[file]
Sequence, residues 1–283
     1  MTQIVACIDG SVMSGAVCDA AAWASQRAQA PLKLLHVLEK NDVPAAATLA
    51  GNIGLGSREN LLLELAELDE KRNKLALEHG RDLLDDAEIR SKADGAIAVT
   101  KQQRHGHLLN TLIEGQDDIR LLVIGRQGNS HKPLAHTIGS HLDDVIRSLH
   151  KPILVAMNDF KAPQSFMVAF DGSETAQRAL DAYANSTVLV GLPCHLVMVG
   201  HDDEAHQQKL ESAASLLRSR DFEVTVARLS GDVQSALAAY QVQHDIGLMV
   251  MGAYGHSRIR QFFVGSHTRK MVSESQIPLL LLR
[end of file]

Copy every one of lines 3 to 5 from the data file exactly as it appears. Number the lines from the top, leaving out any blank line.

    51  GNIGLGSREN LLLELAELDE KRNKLALEHG RDLLDDAEIR SKADGAIAVT
   101  KQQRHGHLLN TLIEGQDDIR LLVIGRQGNS HKPLAHTIGS HLDDVIRSLH
   151  KPILVAMNDF KAPQSFMVAF DGSETAQRAL DAYANSTVLV GLPCHLVMVG